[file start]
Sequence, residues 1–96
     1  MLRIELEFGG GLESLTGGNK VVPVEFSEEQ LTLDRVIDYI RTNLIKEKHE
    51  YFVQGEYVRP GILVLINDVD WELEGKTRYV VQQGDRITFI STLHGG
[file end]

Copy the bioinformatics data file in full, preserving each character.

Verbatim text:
Sequence, residues 1–96
     1  MLRIELEFGG GLESLTGGNK VVPVEFSEEQ LTLDRVIDYI RTNLIKEKHE
    51  YFVQGEYVRP GILVLINDVD WELEGKTRYV VQQGDRITFI STLHGG